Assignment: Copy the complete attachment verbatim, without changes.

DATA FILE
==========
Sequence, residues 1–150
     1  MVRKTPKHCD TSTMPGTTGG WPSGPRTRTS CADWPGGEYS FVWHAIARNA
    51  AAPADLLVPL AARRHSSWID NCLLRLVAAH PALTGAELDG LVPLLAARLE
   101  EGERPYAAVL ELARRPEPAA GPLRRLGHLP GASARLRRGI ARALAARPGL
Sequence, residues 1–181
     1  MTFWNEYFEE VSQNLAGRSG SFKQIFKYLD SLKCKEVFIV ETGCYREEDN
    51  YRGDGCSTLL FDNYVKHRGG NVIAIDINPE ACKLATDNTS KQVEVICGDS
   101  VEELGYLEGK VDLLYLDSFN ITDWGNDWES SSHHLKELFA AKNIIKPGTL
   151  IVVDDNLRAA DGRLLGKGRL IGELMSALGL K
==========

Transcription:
Sequence, residues 1–150
     1  MVRKTPKHCD TSTMPGTTGG WPSGPRTRTS CADWPGGEYS FVWHAIARNA
    51  AAPADLLVPL AARRHSSWID NCLLRLVAAH PALTGAELDG LVPLLAARLE
   101  EGERPYAAVL ELARRPEPAA GPLRRLGHLP GASARLRRGI ARALAARPGL
Sequence, residues 1–181
     1  MTFWNEYFEE VSQNLAGRSG SFKQIFKYLD SLKCKEVFIV ETGCYREEDN
    51  YRGDGCSTLL FDNYVKHRGG NVIAIDINPE ACKLATDNTS KQVEVICGDS
   101  VEELGYLEGK VDLLYLDSFN ITDWGNDWES SSHHLKELFA AKNIIKPGTL
   151  IVVDDNLRAA DGRLLGKGRL IGELMSALGL K